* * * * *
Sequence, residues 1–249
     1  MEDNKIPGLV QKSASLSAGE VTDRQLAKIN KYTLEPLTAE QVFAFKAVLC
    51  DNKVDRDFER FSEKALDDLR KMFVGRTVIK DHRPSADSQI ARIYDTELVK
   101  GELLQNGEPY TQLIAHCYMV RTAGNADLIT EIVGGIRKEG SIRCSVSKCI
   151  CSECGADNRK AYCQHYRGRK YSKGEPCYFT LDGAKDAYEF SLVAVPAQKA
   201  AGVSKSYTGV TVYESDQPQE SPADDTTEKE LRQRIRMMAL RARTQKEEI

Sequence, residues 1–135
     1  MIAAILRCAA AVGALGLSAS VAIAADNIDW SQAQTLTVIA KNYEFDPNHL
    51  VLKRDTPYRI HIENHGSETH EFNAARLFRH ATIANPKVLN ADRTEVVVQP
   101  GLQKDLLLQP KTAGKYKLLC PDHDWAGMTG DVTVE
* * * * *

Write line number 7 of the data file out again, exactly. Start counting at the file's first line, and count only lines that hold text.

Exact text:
Sequence, residues 1–135